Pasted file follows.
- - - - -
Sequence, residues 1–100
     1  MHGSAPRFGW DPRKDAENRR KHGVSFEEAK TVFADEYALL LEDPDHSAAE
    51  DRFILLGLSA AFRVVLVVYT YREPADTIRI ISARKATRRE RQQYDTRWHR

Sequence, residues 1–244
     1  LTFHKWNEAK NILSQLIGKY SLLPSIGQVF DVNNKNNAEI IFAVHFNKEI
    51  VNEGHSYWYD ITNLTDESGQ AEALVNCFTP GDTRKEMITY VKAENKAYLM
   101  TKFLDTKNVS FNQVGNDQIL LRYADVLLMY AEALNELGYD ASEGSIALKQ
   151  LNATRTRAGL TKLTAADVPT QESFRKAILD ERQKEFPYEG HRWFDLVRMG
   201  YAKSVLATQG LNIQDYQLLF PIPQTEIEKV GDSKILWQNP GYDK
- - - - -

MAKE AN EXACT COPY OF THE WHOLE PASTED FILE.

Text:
Sequence, residues 1–100
     1  MHGSAPRFGW DPRKDAENRR KHGVSFEEAK TVFADEYALL LEDPDHSAAE
    51  DRFILLGLSA AFRVVLVVYT YREPADTIRI ISARKATRRE RQQYDTRWHR

Sequence, residues 1–244
     1  LTFHKWNEAK NILSQLIGKY SLLPSIGQVF DVNNKNNAEI IFAVHFNKEI
    51  VNEGHSYWYD ITNLTDESGQ AEALVNCFTP GDTRKEMITY VKAENKAYLM
   101  TKFLDTKNVS FNQVGNDQIL LRYADVLLMY AEALNELGYD ASEGSIALKQ
   151  LNATRTRAGL TKLTAADVPT QESFRKAILD ERQKEFPYEG HRWFDLVRMG
   201  YAKSVLATQG LNIQDYQLLF PIPQTEIEKV GDSKILWQNP GYDK